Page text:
Posted in diagnosis, joint, pain, rheumatoid arthritis, stiffness, support

Finding Out


I am not here to claim I know anything. I didn’t go to college to study rheumatology. I am legal assistant with a degree in business administration. All I know is that my journey with rheumatoid arthritis has been a long one, probably about ten years plus and I was only recently diagnosed. I spent years telling doctors about my ailments and every time I was told that “this” is what was wrong with me, I would feel relieved. The diagnoses were always short-lived and at some point, I was embarrassed because I started to feel like it was all in my head.

In the beginning, I just felt like things weren’t right. Nothing was really wrong with me, but it was like this aurora of negative energy was hanging over me. I would feel lethargic all the time. I was never able to feel rested. Now, this is going back as long as ten years ago. I visited doctor after doctor and at some point started to feel like it was all in my head. I remember feeling worn out for days at a time and no one (not even my doctors) could understand why I felt so darn awful all the time.

There was occasional joint pain, and sometimes, my body just ached all over. As the disease progressed, I started feeling these irregular twinges, sharp shooting pain that would be over as soon as they started. I was quite aware that I wasn’t feeling well but I ignored the sporadic pains that I was having. Last year, at about this time, I found out and I was pregnant and somewhere around my fifth month of pregnancy, I started getting a horrible twinge in my lower back. I was also tired all the time and associated the pain and fatigue with my pregnancy. My hands, feet, and knees were swelled up from about my fifth month.
By the time I had my son in September, I had started to understand what I was feeling, enough to describe it to my physician – fatigue, pain, feeling of malaise (dissatisfaction with life), swollen joints, and low grade temperature (even chills). I knew that I wasn’t depressed and that something was medically wrong with me so I was persistent. My doctor ordered every test she could think of that was consistent with my symptoms.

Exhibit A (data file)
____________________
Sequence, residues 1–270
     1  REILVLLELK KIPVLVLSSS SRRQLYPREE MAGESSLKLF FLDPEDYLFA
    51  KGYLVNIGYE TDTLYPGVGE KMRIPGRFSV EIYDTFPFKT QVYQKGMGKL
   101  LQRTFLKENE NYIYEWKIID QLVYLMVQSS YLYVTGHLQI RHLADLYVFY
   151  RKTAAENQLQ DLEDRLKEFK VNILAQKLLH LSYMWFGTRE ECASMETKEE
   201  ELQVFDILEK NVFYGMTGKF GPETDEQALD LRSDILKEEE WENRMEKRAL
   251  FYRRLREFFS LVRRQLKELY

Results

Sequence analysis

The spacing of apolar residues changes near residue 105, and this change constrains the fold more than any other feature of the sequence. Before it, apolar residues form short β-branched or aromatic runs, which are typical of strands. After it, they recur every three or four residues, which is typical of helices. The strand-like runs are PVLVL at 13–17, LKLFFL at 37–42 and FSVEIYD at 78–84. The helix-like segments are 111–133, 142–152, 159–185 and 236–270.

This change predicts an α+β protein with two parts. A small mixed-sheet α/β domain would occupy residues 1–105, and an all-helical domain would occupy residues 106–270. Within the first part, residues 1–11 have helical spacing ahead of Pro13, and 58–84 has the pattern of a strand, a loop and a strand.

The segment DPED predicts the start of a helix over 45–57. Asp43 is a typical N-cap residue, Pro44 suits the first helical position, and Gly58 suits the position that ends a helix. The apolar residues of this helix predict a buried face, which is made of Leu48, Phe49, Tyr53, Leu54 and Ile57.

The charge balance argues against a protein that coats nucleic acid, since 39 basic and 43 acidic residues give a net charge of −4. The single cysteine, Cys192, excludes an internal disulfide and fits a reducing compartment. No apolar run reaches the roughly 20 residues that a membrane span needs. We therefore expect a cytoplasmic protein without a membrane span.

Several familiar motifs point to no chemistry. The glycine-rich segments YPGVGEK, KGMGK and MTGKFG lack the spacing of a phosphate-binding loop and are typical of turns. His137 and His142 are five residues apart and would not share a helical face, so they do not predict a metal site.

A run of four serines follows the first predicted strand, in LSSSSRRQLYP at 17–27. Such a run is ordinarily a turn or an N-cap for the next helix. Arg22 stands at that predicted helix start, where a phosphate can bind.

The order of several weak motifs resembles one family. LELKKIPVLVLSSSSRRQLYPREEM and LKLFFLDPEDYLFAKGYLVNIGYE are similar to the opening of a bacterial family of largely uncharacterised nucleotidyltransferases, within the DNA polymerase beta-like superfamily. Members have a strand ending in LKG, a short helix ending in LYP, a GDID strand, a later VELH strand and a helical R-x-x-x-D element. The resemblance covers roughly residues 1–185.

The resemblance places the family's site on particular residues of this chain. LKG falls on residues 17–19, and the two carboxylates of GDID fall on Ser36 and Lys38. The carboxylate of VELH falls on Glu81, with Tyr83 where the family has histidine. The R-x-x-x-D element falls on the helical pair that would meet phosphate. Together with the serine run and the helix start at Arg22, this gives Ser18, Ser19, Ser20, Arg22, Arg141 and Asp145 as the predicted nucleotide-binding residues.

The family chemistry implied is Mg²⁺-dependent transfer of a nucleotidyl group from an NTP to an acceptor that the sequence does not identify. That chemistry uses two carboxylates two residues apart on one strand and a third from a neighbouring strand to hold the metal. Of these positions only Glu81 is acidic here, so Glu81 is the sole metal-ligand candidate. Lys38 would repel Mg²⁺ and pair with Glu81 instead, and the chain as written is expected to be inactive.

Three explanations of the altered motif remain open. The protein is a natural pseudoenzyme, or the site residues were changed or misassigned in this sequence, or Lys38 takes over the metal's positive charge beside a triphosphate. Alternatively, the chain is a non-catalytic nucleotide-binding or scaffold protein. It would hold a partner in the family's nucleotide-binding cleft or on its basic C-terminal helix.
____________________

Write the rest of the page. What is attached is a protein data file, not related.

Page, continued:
Shortly, before I was diagnosed, my pain had reached new realms. I could define the pain much more clearly – acute aches, burning pains, stabbing pains and even impaling pain. Also, sleep started becoming difficult. My weight was fluctuating (up and down) and there were periods where my vision would be blurred, when I couldn’t concentrate, and I felt really awful. It felt like my body was under attack.

While I waited for my test results, I prayed everyday that whatever I had was curable. I wanted to be able to live a normal life, to be around for my kids and, at the same time, I wanted to feel normal. My doctor called the day before Thanksgiving (2008) and told me that it was time to see a rheumatologist.

I went through so many emotions in the weeks following my diagnosis. I was relieved, finally a confirmation that I was not insane. I was also confused as I knew nothing about RA. Then came questions – so many. How many going to live with this disease? How is this going to affect my children? I started to feel angry and self-pity. Why me? What did I do to deserve this?

I am currently seeing a rheumatologist every two months and I am a combination course of treatment of Sulfasalazine and Hydroxychloroquine. I get my blood tested every two weeks. I am trying to live as normal of a life but some days are in fact challenging. Stress turns into flare ups. I have even had to ask my employers to cut down on my work as the stress can really add up by the end of the week. I haven’t yet informed my supervisor of the reasons why I had to cut down but I know the day will come when I have to let her know. Right now, I am just trying to stay on my job as long as I can. I haven’t really had many pain-free days in the last year, but I am still optimistic that my doctor and I can find a treatment plan that will eventually (hopefully) put my RA in remission.

In the meantime, I am doing my research, looking for and giving support to others dealing with the disease and just counting all the blessings in my life. My goal is to help people understand RA so they do not have to suffer physically and emotionally as I did for a number of years. I started an online support group for moms living with rheumatoid arthritis on Twitter Moms and I am hoping that I can start a local group in the west side of Cleveland for RA patients. RA is a long and tough journey and no one should be forced to bear that burden alone.

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